Misrepresentation in the Stock Market
You depend on your stockbroker for vital information about your investments. If your broker does not live up to a fair level of honesty and full disclosure, it may be considered misrepresentation or omission. Any false or intentionally misleading statement made by a stockbroker designed to influence or manipulate a client is a violation of law, as is the intentional withholding of information for the same purpose.
Misrepresentation and omission can take on many different forms. Following several scandals in the late 1990s, Congress enacted the Sarbanes-Oxley Act of 2002 to ensure a higher level of disclosure. This increases the requirements for regulatory oversight and outlined disclosure requirements to better protect consumers from this type of action, but investors still face misrepresentation and omissions due to the complex ways in which unethical brokers can distort information. Some examples of actions that can become the basis for misrepresentation claims include:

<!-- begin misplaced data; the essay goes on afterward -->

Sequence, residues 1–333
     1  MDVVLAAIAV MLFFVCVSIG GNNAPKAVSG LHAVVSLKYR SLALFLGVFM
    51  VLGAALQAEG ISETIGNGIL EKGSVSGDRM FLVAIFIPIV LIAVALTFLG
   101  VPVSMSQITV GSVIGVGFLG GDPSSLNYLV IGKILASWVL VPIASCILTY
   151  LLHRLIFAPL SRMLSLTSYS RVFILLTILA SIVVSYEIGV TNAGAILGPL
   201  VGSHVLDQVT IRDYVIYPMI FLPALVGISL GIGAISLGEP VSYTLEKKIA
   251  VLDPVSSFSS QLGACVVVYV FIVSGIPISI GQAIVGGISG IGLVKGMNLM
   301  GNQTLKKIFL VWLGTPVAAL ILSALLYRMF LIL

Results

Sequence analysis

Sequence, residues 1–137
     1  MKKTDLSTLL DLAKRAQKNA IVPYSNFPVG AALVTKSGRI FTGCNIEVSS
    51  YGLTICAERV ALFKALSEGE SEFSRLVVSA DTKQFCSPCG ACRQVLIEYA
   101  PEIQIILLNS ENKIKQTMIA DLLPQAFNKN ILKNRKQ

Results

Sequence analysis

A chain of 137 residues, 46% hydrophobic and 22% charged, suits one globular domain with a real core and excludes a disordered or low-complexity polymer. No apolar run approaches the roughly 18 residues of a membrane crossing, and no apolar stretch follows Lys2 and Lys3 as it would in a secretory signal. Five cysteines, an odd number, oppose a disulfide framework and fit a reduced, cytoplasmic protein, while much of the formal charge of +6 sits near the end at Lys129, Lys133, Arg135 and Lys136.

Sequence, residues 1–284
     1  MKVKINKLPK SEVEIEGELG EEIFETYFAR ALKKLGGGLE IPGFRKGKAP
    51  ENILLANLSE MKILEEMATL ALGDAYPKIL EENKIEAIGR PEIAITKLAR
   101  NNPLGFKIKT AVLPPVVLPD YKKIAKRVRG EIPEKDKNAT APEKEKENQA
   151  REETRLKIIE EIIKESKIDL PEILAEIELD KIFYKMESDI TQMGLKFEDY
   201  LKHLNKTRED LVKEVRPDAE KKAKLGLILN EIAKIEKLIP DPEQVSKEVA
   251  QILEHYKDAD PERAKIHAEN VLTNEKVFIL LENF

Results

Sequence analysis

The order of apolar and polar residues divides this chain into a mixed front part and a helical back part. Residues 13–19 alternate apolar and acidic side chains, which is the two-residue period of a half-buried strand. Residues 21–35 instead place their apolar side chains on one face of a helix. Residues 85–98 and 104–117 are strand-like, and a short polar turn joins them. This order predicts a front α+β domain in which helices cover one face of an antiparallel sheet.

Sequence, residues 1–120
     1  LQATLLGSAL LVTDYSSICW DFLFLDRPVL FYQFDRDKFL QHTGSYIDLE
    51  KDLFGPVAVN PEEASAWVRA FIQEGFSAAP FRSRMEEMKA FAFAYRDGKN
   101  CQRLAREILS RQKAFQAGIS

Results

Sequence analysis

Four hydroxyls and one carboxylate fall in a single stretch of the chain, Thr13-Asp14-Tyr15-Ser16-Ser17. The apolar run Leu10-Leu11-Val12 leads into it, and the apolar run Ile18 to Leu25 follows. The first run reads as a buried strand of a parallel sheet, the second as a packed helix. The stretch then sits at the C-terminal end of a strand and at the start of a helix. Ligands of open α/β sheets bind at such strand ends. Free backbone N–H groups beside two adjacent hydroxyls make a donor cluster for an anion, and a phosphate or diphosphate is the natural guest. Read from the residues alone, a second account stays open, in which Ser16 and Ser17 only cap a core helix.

- Withholding information
- Offering inside information or baseless predictions
- Failure to disclose fees or commissions
- Fraudulent account statements
- Promoting shares known to be overvalued
If you suspect that your broker is misrepresenting or omitting vital information, you have a right to pursue compensation. Our experienced stock market fraud attorneys can examine the details of your case to determine if you have a valid claim for misrepresentation.
To schedule an appointment with the stockbroker fraud attorneys of Colling, Gilbert, Wright & Carter, call (407) 712-7300 today.